14: The Adventure of Change

14: The Adventure of Change

From Chicken Soup for the Soul: The Power of Positive

The Adventure of Change

Change always comes bearing gifts.

~Price Pritchett

I’m a military brat. When my father was a marine officer, we moved twelve times in fourteen years. When people hear this, they say, “That must have been hard on you.”

I disagree. Each move was an adventure, an opportunity that contributed to who I am as an adult.

At family meetings, my parents would announce, “We’re being transferred.” Then the map would come out and we’d go into a huddle.

“This is where we are. This is where we are going.” My father’s fingers landed on our current home state and with the other hand, he pinpointed our next home.

I might have been sad to leave behind a favorite hiding place but I looked forward to finding a new one at the next place. I was exposed to the different seasons when we moved from the East to the West Coast. In school I learned the history of more than one state, something I wouldn’t have been exposed to if we hadn’t moved. My brothers and I got to visit many amusement parks and museums across the country as we traveled. These experiences were only some of the common threads among military families.

As my family ticked off the trip miles, my mother engaged us in a plethora of games, including my favorite — listing state license plates we saw. I was fascinated to see the variety. I’d wonder where the other families were headed. Were they moving too? Were they headed to Grandma’s house or were they out for a local trip?

If we hadn’t moved across this great country, I wouldn’t have spotted a Kaibab squirrel, admired the petroglyphs of Zion National Park, or wondered at the hoodoos of Bryce Canyon. I wouldn’t have giggled as we dipped deep in the water on a river float, screeched as I reeled in a trout from a babbling creek, or gazed in wonder at the Atlantic and Pacific Oceans. Although I love my Tex-Mex, the taste of true Cajun food and fresh seafood gave me a desire for a variety of cuisines. I doubt I would have tried chicken shawarma if I hadn’t tried an assortment of dishes as a child.

Although the distances seemed vast when my dad would show us the map, some of my fondest memories involved the miles we covered. Our longest trek? From North Carolina to California in the summer of 1970. My parents broke each trip into segments. As an adult, I surmised it was easier on them to shoo four kids out of the car to run off energy at frequent stops. But as children, we delighted in the adventure of each break.

My parents scoped out the national and state parks along the route, and researched the hotel and camping options. Camping usually won out. With six of us, I suspect it was the cheaper solution. This led to memories such as crawling into a tent on a clear evening in the Rocky Mountains and waking up to more than eight inches of pristine snow blanketing our tents, the ground and picnic tables. When we opened the flaps of our tents, we stared in wonder at the crystal white of the landscape and then huddled back into cozy, flannel sleeping bags for a late start that morning.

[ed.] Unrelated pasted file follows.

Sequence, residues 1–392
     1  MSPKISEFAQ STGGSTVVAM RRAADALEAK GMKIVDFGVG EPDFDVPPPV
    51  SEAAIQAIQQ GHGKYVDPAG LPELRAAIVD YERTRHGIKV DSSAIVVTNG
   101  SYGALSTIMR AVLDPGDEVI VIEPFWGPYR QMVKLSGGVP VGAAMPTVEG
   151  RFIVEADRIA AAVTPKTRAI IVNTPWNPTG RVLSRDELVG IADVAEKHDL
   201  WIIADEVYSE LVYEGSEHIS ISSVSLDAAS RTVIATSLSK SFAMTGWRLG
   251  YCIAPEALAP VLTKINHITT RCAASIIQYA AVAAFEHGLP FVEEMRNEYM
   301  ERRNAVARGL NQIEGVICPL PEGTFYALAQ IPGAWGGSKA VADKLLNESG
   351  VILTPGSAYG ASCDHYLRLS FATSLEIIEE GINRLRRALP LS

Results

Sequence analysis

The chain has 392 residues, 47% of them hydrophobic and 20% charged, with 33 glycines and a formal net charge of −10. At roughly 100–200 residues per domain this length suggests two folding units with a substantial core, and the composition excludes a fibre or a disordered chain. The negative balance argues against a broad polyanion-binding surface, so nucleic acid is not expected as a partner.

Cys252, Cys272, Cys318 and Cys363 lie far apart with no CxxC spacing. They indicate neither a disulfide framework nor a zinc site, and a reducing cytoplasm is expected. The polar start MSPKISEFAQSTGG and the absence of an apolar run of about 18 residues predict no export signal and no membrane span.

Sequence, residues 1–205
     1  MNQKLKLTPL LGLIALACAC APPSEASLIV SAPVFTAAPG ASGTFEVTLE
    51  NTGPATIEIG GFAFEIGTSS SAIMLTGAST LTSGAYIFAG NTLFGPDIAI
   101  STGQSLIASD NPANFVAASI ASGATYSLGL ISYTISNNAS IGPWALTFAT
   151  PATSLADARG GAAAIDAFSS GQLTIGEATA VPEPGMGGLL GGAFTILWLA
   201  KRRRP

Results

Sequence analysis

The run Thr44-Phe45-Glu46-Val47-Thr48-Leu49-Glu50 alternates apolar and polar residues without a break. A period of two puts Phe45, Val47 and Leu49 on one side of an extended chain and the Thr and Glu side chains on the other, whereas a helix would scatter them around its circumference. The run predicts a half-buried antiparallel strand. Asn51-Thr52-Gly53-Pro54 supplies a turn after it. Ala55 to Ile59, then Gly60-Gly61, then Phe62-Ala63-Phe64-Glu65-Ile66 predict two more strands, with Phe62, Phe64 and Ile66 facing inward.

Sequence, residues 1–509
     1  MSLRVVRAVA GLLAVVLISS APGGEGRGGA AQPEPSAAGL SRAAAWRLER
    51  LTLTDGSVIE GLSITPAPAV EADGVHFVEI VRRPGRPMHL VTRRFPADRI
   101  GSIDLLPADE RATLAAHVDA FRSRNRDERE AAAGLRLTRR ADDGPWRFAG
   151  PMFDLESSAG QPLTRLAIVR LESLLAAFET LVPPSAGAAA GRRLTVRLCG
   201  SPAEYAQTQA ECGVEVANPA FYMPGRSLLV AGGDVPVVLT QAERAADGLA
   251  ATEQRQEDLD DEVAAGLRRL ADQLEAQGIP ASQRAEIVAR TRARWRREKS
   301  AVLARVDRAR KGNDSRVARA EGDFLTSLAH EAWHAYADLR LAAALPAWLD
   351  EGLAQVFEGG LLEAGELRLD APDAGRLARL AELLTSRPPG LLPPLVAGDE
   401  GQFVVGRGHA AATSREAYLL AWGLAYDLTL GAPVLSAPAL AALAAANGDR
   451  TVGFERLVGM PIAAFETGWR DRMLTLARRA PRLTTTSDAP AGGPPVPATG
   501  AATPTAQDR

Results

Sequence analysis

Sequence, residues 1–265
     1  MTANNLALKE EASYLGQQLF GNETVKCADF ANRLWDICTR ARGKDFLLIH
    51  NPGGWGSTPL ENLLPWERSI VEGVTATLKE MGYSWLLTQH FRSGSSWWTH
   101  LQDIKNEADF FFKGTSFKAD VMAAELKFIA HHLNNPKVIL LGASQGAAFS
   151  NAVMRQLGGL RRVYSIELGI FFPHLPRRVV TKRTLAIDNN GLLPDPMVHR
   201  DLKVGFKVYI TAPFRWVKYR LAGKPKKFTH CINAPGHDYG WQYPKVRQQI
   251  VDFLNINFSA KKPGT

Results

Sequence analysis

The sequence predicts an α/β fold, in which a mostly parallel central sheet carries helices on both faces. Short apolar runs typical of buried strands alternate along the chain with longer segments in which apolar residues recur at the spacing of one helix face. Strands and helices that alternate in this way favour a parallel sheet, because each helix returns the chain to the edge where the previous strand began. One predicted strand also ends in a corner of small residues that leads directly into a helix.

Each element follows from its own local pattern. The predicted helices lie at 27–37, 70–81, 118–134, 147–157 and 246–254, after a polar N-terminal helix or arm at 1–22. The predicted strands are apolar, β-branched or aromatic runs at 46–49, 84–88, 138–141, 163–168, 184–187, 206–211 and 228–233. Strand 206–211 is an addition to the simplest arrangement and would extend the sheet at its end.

Breakfast over a Coleman gas grill always tasted better than a meal cooked on a kitchen stove. Camping meant more effort for my parents than for my brothers and me. We’d clamor out of the car, help unload a few things, and leave our parents to do the real camp setup. For my brothers and me there were critters to chase and a halfhearted attempt to gather kindling for a fire. With the smell of pine needles in the Rockies, or the squish of sand between our toes on a beach, we’d be off and return as mealtime approached.

As Dad announced, “Just a little farther,” we always became antsy. Would it be a big house? Would it have a bedroom for each of us? Would the back yard have enough room to toss a ball? When we pulled into our new home’s driveway, I remember the excitement of solving those mysteries. My brothers and I ran from one bedroom to the next, discussing which room belonged to whom. I don’t remember any arguments. It seemed as if each house was made just for our family and specific bedrooms fit our needs and personalities. Once we’d staked our claims, we’d run out the back door to see what was there. Each varied environment influenced me.

One of my favorite homes in Camp Lejeune, North Carolina, gave me a tremendous love of nature. I remember gasping when I went out the back door. Woods! Not twenty feet from the back porch, a forest of pine, beech and ash served as the property line. It didn’t take the four of us long to disappear into the trees with the promise to stick together and not go too far. We spent many afternoons discovering birds, lizards and other critters among the leaves of that forest floor. By the time we’d moved away a year later, we could each explore without getting lost.

From the stops along the route to the mysteries awaiting us at the end of our journey, our military life provided opportunities that serve me well as an adult. I’m never bored, always curious to learn, and usually look at any change as an opportunity to grow. Military brats can’t say, “I’ve lived in this house for twenty years,” but we can brag about the different states we’ve explored and the friends and adventures we’ve experienced.

~Gail Molsbee Morris

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